It’s amazing that Ash have lasted longer than a couple years. It’s been six years since the Irish band (then a trio) of teenagers put out their well-received debut 1977; at the time they were yet another Britpop band, not bad, but nothing special, either. Personally, I thought Ash were as insignificant as something like Menswear (remember Menswear?), a two-bit band that would have a very limited shelf life. Sure, “Goldfinger” and especially “Girl From Mars” were decent enough songs, but the scene seemed too saturated with new bands to allow Ash make any kind of mark. Their second album, Nu Clear Sounds was a dog of an album, so they seemed on their way out. Or so I thought.
So we’re now in 2002: Ash’s most recent album, Free All Angels was a monster seller in the UK in 2001, spawning two utterly brilliant singles, establishing Ash as a decent band (they’re now a quartet). Even members Tim Wheeler and Charlotte Hatherly have moonlighted as Calvin Klein models. Unfortunately for the band, the only North American audience they still have are either people who paid too much for import copies of their CD or those who downloaded their MP3s, but with their new distribution deal with Kinetic Records, Free All Angels has finally been released in North America. It might be 18 long months since the album’s first single was released, but now’s as good a time as any.
For those unfamiliar with Ash, I have to emphasize that there is not an original note coming from this band. It’s all horribly derivative, their sound a blend of Weezer, Big Star, the Buzzcocks, and the Jesus and Mary Chain, and the images on the new album are silly, especially Tim Wheeler’s comically contrived Big Rock Star, booze bath photo. On the surface, they’re this close to being as ridiculous as any other children’s pop music, But the songs on this CD are so catchy, so sunny, so wide-eyed they make Fran Healy (Travis) sound like Leonard Cohen. Fact is, a good song’s a good song, no matter how derivative it is, and Free All Angels is loaded with them.
Take “Shining Light”, for example. A smash single in the UK more than a year ago, it’s an incandescent gem of a tune that perfectly encapsulates the best moments on the album: it’s fun, it’s melodic, it’s sickly sweet, it’s a song you catch yourself humming during an idle moment. Over an intro consisting of a light guitar riff, bass, and bouncing drums, Wheeler lays all his cards on the table when he sings, “You are a shining light / Yeah you light up my life.” Okay, now at this point, you’re probably ready to impale him with your CD jewel case . . . he just quoted Debbie Boone, for crying out loud! But if you’re brave enough to keep yourself from hitting the stop button, you’ll be rewarded. When he sings, “We made a connection/A full-on chemical reaction,” the song explodes like fireworks, as blissful, as lovely a chorus as you’ll hear this summer. Wheeler’s got his big, goofy heart on his sleeve all the way through, and when you hear him intone, “A constellation once seen / Over Royal David’s City / An epiphany you burn so pretty,” you think, aw, shucks, ain’t that cute? On the song goes, for a yummy, decadent five minutes. You go, Timmy, you go get that girl.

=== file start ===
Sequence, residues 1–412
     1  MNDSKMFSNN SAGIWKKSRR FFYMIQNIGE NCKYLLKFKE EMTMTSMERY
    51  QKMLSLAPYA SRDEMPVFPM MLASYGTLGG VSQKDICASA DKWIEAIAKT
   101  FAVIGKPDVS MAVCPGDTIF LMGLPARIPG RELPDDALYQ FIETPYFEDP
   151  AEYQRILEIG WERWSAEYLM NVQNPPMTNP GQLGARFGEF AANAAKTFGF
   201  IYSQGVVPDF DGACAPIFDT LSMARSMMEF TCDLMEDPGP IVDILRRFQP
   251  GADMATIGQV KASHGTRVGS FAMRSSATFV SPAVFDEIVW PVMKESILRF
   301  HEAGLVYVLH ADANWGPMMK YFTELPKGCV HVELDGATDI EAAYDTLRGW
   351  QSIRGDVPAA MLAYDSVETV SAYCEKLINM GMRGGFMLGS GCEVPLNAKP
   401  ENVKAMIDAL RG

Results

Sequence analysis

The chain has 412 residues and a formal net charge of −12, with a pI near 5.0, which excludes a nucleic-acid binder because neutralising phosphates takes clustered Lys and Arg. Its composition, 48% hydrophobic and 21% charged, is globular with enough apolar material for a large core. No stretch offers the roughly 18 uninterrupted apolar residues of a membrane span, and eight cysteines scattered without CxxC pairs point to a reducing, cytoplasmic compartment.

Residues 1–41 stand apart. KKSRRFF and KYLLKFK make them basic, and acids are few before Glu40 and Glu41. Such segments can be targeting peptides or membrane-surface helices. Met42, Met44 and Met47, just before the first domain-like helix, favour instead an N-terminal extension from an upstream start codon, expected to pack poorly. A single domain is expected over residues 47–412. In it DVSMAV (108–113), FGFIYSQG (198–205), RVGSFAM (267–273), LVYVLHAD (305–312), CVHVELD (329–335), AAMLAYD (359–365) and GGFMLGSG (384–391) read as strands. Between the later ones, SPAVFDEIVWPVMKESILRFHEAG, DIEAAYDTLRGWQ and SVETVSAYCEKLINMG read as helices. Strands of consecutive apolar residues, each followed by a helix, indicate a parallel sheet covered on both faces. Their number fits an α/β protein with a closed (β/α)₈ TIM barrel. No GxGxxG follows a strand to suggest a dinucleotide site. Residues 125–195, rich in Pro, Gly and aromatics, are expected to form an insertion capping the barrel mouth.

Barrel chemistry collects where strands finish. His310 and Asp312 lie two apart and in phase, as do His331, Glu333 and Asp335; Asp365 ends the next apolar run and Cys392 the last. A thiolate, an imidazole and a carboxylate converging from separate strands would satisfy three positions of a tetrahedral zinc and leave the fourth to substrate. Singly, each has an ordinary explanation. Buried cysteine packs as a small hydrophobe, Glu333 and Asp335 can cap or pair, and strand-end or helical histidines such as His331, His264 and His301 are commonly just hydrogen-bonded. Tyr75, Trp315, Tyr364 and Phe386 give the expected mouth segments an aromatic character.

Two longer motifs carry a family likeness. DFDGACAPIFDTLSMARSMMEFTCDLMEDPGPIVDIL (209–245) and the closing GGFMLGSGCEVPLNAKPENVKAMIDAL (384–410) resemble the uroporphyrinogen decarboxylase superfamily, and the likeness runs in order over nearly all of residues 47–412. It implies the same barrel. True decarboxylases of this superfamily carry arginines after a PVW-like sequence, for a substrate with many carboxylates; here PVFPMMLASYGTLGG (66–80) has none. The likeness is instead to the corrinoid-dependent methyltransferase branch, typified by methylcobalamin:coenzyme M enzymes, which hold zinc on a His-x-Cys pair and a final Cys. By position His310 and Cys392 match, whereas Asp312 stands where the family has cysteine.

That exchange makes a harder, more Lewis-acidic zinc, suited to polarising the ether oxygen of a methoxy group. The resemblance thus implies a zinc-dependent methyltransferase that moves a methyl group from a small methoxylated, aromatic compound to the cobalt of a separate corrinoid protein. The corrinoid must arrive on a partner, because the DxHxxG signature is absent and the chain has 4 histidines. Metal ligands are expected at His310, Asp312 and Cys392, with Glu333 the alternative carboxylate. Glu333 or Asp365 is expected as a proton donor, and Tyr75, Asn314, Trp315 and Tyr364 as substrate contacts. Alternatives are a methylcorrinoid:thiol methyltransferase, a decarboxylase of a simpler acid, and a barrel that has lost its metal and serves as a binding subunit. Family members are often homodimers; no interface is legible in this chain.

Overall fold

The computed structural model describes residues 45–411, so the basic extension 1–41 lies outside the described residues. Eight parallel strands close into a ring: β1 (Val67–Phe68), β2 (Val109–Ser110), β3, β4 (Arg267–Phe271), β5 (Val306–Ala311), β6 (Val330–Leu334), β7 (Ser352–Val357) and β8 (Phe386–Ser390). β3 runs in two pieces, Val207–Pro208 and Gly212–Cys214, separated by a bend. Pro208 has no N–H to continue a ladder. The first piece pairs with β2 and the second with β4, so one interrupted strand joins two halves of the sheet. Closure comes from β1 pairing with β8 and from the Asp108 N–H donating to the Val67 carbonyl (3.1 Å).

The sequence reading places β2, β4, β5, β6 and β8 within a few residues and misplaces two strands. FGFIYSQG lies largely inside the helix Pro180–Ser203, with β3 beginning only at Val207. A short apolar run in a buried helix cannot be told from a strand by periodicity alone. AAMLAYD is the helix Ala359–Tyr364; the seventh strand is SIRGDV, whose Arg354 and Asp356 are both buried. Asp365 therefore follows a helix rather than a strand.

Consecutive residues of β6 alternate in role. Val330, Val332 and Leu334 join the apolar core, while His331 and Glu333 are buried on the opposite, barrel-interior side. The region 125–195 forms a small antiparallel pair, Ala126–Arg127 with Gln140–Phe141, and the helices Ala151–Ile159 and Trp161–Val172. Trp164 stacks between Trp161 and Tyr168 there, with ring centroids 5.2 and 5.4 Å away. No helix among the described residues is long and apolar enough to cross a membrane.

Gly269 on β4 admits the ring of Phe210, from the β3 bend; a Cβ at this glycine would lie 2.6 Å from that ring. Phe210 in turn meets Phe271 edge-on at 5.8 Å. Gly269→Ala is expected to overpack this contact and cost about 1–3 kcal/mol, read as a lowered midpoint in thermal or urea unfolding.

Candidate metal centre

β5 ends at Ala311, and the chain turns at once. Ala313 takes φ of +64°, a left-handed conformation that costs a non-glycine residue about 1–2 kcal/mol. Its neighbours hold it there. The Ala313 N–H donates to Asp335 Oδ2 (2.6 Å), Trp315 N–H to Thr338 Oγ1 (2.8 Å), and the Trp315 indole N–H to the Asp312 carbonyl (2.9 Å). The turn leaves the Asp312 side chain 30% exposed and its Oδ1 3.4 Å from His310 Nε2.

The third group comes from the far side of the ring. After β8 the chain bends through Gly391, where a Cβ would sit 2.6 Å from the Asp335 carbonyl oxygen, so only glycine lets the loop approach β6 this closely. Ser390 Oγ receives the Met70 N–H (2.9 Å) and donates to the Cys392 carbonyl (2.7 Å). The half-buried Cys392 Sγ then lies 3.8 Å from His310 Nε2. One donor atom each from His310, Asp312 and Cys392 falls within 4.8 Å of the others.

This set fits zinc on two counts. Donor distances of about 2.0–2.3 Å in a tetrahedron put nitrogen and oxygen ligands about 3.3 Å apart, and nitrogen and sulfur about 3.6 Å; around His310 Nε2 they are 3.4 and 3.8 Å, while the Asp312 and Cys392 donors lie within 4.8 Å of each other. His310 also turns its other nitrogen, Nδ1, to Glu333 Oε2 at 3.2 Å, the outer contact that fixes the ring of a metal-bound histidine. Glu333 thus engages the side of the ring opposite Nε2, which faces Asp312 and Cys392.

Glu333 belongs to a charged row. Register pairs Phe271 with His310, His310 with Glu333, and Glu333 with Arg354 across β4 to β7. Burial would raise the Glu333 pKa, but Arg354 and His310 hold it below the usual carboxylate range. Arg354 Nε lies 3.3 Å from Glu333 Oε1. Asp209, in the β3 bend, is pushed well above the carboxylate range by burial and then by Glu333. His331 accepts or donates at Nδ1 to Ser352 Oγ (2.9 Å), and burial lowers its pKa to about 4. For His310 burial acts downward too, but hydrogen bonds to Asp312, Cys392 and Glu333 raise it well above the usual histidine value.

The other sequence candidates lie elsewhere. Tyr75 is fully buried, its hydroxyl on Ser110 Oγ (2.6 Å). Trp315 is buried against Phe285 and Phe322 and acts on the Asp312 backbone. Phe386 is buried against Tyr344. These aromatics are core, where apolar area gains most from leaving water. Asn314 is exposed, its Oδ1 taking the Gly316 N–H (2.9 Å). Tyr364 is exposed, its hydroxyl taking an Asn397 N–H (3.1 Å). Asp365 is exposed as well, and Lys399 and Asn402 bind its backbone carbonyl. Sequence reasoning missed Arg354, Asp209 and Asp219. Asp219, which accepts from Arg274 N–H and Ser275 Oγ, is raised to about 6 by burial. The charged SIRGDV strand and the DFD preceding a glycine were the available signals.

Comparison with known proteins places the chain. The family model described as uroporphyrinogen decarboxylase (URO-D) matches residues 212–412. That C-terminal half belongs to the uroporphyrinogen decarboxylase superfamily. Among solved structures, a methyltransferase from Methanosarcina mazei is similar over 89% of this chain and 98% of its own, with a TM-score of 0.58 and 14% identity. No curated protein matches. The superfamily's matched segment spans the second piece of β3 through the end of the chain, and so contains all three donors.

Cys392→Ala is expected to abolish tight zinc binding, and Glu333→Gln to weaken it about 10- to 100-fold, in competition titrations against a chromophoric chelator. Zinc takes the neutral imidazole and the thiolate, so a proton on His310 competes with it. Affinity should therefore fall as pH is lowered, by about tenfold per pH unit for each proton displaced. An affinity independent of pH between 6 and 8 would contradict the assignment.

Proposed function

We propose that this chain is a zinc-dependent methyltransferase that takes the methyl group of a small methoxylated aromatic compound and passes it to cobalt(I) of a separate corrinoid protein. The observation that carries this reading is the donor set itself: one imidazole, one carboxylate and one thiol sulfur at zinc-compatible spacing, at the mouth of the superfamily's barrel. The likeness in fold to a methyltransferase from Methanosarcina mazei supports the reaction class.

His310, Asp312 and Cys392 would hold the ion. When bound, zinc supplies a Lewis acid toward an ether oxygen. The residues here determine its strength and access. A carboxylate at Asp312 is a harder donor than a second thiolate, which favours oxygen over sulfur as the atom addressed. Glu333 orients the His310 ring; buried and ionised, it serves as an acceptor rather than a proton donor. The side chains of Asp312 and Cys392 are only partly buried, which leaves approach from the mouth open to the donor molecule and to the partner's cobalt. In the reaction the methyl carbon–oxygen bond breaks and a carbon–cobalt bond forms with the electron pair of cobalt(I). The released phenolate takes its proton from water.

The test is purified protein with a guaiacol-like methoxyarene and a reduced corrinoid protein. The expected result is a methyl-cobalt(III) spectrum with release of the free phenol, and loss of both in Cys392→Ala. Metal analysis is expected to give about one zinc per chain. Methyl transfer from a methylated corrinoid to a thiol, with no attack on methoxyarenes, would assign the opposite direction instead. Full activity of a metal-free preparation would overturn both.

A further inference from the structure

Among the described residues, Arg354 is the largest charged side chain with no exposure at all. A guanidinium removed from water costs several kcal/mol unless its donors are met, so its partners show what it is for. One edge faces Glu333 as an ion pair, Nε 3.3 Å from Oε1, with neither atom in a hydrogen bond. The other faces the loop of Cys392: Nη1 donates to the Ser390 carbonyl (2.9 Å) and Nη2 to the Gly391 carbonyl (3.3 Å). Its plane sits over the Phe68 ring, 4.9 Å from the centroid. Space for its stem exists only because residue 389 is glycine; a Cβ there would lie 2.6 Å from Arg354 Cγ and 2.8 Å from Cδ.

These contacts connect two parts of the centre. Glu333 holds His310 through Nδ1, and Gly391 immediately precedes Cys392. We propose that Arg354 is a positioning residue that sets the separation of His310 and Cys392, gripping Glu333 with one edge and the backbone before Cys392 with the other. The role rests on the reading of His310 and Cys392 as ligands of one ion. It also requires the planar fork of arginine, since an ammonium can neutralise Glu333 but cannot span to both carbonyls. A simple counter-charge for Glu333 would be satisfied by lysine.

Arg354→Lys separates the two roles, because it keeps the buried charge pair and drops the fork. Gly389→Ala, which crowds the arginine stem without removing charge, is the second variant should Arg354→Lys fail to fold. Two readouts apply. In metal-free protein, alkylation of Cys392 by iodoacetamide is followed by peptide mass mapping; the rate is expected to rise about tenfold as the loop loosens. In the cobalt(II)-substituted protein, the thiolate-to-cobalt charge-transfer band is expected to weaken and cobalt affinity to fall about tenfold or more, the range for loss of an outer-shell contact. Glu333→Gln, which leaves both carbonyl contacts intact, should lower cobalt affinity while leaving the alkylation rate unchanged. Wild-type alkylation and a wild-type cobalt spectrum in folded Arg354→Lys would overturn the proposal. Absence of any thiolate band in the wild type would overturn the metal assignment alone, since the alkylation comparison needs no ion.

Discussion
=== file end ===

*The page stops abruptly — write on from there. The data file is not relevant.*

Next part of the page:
Ash are at their best when they’re doing the same old noisy-guitars-catchy-melodies thing. “Burn Baby Burn”, the other big single, is tailor-made for American rock radio, quality melodic rock like Jimmy Eat World, only much higher in sugar content. “Walking Barefoot” is pretty much what you’d expect, attempting to be as happy a summer song as Alex Chilton’s “Back of Your Car”, although, it has the odd lyrical misstep (“Anointed by Apollo and his chariot”? Huh?). Wheeler waxes Weezer-like on “Cherry Bomb” (“She is out there on her own / Perfection in her chromosomes” . . . now there’s something I’ve never heard before), and the Ramones-ish “Pacific Palisades” goes as far as mentioning Dennis Wilson and Sharon Tate. “Sometimes” is a wistful acoustic song with nice vocal harmonies by guitarist Charlotte Hatherly, while the catchy “Nicole” has an attempt at a more sinister side (“I killed my baby but I loved her”) that seems to bring to mind O.J. Simpson. Strings punctuate “There’s a Star”, and “World Domination” is as silly and infectious as anything by The Hives.
Unfortunately, Ash get a bit too ambitious, and when they stray away from the guitarpop, things get dull. “Candy” is hackneyed mush with techno accents, a Scott Walker sample (lifted from “Make It Easy on Yourself”) and horrible lyrics (“Pure as driven snow”? Come on, Tim!); the low-rent Trent Reznor impersonation on “Submission” is just embarrassing, “Someday” is a bore, and “Shark” is a bit too Nirvana-aped for their own good. Only four bumps on a 13-track album isn’t bad, though. Ignore the dreck and you’ll be fine.
Free All Angels is the musical equivalent of Pixie Stix. It’s extremely sweet, and best enjoyed in very small doses; the thought of too much of either just makes me cringe. Taken a few songs at a time, though, this CD is guaranteed to please. The North American release also comes with three B-sides (of very ordinary quality, not worth mentioning), and a special DVD featuring the bonus tracks, videos, and live footage, so although the album’s not perfect, we’re really getting our moneys’ worth over here. So come on, kiddies, dump that ridiculous Nelly CD into the trash and get some fun music to be the soundtrack to your summer. Plug up the TRL web site with votes for “Shining Light”, and make Free All Angels a hit. If he gets more royalties, maybe Tim Wheeler will be able to buy some Replacements albums, so he can learn how to write better lyrics.
// Sound Affects
""If Drivin' N' Cryin' sounded as good in the '80s as we do now, we could have been as big as Cinderella." -- Kevn KinneyREAD the article